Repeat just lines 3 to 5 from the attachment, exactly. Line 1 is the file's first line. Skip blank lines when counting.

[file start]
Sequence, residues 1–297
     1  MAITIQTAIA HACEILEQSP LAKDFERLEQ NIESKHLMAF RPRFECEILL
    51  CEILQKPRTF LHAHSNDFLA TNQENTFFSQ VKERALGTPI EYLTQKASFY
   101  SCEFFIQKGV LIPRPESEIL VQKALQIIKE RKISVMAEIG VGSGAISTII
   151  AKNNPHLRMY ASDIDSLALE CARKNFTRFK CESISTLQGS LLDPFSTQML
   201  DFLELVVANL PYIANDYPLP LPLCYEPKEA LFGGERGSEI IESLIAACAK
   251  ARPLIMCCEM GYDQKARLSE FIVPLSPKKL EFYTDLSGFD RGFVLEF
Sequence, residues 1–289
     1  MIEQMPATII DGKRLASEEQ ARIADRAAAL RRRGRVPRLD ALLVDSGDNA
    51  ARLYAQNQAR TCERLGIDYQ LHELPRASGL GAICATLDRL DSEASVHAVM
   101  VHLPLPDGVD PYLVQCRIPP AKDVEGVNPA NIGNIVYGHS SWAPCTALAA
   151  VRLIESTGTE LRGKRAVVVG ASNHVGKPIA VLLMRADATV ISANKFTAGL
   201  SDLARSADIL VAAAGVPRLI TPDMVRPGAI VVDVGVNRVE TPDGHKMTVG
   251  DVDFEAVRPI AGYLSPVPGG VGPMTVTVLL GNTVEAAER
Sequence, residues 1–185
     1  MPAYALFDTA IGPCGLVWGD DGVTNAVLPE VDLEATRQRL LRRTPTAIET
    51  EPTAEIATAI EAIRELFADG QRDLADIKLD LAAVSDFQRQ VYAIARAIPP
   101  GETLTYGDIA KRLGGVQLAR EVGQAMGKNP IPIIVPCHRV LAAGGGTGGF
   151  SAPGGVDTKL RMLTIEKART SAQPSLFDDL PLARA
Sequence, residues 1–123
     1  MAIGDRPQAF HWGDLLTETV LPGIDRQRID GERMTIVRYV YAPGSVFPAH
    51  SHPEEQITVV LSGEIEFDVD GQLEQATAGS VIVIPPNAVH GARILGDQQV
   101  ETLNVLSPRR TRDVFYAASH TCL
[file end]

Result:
    51  CEILQKPRTF LHAHSNDFLA TNQENTFFSQ VKERALGTPI EYLTQKASFY
   101  SCEFFIQKGV LIPRPESEIL VQKALQIIKE RKISVMAEIG VGSGAISTII
   151  AKNNPHLRMY ASDIDSLALE CARKNFTRFK CESISTLQGS LLDPFSTQML